This week, GBH Executive Arts Editor Jared Bowen discusses a photographer’s legacy, and women who are leading the way.

“My Mechanical Sketchbook” — Barkley L. Hendricks & Photography

On view at the Rose Art Museum through July 24, 2022

“My Mechanical Sketchbook” celebrates the life and work of multidisciplined artist Barkley L. Hendricks, who passed away in 2017. While the exhibit features paintings by the artist, the art form he’s best known for, the true focus is on his self-described "mechanical sketchbook” — the camera that he used to photograph his life.

“This is something he had draped around his neck and used when he was growing up in North Philadelphia as a child, and then took with him to Europe, where the art world just kind of cracked open for him,” Bowen says.

Rennie Collection - Barkley L. Hendricks | Lorna Simpson
“Self Portrait” by Barkley L. Hendricks.
Photo by Blaine Campbell Courtesy of Rennie Collection

After a 1966 trip to Europe exposed Hendricks to classical painters, whose works were devoid of Black representation, Hendricks took it upon himself to document Black joy.

The show also includes art that references the Ku Klux Klan and the Confederate flag, which some labeled as political art. “[It’s] something that he was accused of being very political about. He hated that term. He never wanted to be considered political, again, because this is how he saw the world,” Bowen says.


Now playing at the Citizens Bank Opera House through March 13, 2022 and streaming March 13 to March 17

To bring attention to the many women who continue to shape the world of dance, Boston Ballet’s latest work highlights five female choreographers with five world premieres, all shown in an hour-and-a-half performance. ChoreograpHER, all together, celebrates the women’s innovation.

The choreographers include Tiler Peck, Claudia Schreier, Shantell Martin, Lia Cirio and Melissa Toogood. “It's a really jam packed, but very, very heartfelt and resonant evening of ballet,” Bowen says.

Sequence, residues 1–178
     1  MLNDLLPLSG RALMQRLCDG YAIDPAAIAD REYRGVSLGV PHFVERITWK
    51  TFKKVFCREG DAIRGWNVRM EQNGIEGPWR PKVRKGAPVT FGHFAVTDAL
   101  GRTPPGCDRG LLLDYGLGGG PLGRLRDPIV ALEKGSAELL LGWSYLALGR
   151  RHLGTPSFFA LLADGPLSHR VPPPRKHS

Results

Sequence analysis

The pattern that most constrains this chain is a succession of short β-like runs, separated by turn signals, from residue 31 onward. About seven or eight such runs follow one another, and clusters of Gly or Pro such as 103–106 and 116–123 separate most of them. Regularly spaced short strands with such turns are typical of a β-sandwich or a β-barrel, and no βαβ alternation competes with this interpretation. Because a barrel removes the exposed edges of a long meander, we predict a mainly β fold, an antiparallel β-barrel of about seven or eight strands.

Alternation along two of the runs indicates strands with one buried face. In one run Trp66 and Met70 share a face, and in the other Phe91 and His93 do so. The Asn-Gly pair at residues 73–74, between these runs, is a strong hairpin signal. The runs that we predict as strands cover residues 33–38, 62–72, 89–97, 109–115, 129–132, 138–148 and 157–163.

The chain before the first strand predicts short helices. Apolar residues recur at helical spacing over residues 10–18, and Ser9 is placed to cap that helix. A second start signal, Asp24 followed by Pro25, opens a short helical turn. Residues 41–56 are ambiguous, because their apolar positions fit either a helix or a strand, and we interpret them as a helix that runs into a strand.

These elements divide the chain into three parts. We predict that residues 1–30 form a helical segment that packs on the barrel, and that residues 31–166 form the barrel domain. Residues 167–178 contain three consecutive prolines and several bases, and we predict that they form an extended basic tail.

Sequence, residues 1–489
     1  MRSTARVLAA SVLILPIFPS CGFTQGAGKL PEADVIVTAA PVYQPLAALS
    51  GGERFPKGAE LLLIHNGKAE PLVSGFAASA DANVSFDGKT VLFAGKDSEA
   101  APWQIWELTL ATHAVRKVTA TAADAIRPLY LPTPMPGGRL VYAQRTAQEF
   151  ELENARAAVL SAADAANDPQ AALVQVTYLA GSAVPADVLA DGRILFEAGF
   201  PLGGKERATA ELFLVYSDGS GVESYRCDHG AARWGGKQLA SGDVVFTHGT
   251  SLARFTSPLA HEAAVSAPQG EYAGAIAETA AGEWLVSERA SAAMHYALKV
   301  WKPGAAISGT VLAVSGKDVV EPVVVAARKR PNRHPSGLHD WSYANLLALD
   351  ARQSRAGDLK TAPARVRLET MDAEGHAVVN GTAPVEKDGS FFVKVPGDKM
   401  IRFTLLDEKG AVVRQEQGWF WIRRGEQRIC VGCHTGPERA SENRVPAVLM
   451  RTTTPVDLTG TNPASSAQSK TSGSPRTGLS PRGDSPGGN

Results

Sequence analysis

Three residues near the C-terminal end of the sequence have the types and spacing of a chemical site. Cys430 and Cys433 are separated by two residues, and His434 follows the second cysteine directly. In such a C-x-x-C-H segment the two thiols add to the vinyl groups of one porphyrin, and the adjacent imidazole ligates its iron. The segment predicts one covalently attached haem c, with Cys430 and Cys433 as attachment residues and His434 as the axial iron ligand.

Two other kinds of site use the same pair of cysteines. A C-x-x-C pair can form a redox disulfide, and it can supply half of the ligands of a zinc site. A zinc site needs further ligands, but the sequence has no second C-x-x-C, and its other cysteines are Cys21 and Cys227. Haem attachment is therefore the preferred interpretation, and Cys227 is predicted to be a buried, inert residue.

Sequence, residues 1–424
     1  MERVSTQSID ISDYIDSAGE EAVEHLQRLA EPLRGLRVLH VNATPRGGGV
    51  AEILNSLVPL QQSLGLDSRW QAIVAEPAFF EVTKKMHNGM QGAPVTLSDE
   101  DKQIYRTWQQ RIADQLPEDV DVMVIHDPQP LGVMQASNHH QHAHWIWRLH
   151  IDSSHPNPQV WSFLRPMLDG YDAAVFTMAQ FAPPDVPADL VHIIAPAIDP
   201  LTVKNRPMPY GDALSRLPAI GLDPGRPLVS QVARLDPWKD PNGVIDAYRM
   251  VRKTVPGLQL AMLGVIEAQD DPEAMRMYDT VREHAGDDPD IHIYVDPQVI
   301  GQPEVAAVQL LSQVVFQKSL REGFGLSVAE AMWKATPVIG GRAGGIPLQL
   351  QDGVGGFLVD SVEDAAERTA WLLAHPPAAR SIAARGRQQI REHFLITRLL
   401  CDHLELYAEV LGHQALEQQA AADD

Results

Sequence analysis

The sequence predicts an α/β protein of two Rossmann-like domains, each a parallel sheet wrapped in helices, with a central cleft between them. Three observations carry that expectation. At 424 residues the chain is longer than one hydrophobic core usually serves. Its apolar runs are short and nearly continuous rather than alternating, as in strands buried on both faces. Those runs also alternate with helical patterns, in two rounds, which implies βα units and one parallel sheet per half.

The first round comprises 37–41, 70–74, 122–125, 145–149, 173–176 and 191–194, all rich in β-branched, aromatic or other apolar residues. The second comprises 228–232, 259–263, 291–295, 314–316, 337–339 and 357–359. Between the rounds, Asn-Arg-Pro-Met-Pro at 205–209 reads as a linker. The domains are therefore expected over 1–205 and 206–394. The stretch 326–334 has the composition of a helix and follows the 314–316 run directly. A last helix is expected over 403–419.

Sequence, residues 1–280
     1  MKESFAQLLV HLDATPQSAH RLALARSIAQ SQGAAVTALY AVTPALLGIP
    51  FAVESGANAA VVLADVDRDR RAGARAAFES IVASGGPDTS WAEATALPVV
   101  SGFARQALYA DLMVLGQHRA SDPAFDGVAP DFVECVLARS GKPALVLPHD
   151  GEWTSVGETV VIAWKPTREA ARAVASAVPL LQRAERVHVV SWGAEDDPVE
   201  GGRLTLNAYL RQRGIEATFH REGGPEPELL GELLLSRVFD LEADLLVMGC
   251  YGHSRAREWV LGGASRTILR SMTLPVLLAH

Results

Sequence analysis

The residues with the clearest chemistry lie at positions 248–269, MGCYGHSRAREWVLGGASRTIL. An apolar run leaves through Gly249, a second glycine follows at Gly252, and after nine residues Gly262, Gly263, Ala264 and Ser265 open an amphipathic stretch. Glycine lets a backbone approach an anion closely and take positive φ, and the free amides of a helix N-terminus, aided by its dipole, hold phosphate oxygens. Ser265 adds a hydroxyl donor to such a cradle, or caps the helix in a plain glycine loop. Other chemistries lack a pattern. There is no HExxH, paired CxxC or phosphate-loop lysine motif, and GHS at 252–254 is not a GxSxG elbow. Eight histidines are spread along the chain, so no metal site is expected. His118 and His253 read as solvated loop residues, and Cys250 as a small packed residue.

Boston Ballet in Melissa Toogood's “Butterflies Don't Write Books,” one of five performances at ChoreograpHER.
Rosalie O'Connor Photography Courtesy of Boston Ballet

“What the Constitution Means to Me”
Now playing at the Emerson Cutler Majestic Theatre through March 20, 2022

“What the Constitution Means to Me” tells the story of writer Heidi Schreck, who, at the age of 15, traveled to conferences across the country to debate the Constitution, winning prize money to pay for her college tuition. Through her debates, she develops a critical analysis of how the founding document affects women.

“She moves into her own history and really how the Constitution has intervened in her life as a woman — and in the lives of her grandmother, her mother and her great-grandmother before her,” Bowen says.

But the show is also an examination of what the Constitution means in all Americans’ lives. "We have these words, we have these clauses, we have these designs,” Bowen explains. “But of course, how they’re bent and how they’re twisted and how they continue to change throughout our history.”

Cassie Beck, playing Heidi Schreck in “What The Consitution Means To Me.”
Photo by Joan Marcus Courtesy of the Huntington Theatre